The Consumer Financial Protection Bureau (CFPB) released its debt collection proposal for time-barred debt in May of 2019. To date, the regulations, while published in the Federal Register, are still not finalized, as the comment period has been extended numerous times since its March 2020 publication. Regardless of additional stipulations and changes to the document, the main ideas published in the Federal Register provide our industry with the current structure and ideology of the CFPB and how our industry can best respond.
Out of Statute Debt
We all know that statutes of limitations vary by state, but whether the debt can be revived, what revives that debt, and what type of debt it is are all factors we’re currently awaiting the official CFPB word on. The point of time-barring debt is part of the CFPB’s job to advance a defendant’s interest in repose, eliminate stale claims (loss of evidence, whether by death or disappearance of witnesses, fading memories, the disappearance of documents, or otherwise) and to provide certainty about a plaintiff’s opportunity for recovery and a defendant’s potential liabilities; but, what is reasonable to accommodate these factors and actual collection of legitimate debt are still out for (final) decision.
Time-barred debt as a concept requires that a debt collector must disclose to consumers that: the law limits how long the consumer can be sued for a debt; the debt collector’s right to bring legal action against the consumer to collect the debt can be revived under applicable law; and, outlines the circumstances in which this can occur. How these concepts are worded to a consumer can determine whether these debts are revived and/or become the potential subject of a claim.
The CFPB proposes model language and forms that debt collectors can use to comply with the proposed disclosure requirements when collecting time-barred debt. Using this model language creates a safe harbor for our industry when attempting to collect a time-barred debt to help ensure compliance. Out of statute debt disclosure is necessary because a debt collector’s attempt to collect a time-barred debt is, according to the CFPB, likely to give a consumer the false impression that the debt is legally enforceable and likely to affect a consumer’s decision whether to pay or prioritize the debt. However, the verbiage is largely negative towards our industry and yet still creates ambiguity for the role of the consumer to know whether they can request additional information about the debt and whether that revives the debt. In fact, many in our industry will not sue or use the statute to revive the debt if the consumer asks a question about the debt; however, the way the model disclosure is worded seemingly makes any inquiry the consumer might have about their debt seem as if they could end up getting sued.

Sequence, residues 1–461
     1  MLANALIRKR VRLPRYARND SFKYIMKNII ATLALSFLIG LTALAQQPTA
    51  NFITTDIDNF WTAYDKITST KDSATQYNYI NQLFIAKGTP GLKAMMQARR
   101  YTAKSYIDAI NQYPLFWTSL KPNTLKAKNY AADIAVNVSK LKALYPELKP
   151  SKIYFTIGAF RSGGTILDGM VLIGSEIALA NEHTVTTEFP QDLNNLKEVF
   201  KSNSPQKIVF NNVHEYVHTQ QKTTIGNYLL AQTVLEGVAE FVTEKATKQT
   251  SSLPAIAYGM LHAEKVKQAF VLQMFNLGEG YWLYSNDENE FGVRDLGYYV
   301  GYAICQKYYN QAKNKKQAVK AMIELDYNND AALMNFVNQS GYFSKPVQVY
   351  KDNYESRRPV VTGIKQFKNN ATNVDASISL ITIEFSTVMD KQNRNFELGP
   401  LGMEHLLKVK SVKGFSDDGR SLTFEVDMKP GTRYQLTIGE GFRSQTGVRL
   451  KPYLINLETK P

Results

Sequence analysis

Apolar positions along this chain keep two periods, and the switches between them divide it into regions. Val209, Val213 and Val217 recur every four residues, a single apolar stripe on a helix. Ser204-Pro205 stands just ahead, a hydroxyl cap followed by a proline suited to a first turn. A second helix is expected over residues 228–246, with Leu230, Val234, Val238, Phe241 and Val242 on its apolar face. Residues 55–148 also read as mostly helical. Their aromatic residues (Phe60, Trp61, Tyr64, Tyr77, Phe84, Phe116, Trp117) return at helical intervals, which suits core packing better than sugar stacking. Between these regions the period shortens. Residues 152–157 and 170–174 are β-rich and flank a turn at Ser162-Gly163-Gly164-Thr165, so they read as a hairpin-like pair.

The verbatim model disclosure language points from the CFPB are included below:
- The actual language from the law limits how long you can be sued for a debt.
- Because of the age of this debt, we will not sue you for it.
- The law limits how long you can be sued for a debt. If you do nothing or speak to us about this debt, we will not sue you to collect it. This is because the debt is too old. BUT if you make a payment, then we can sue you to collect it.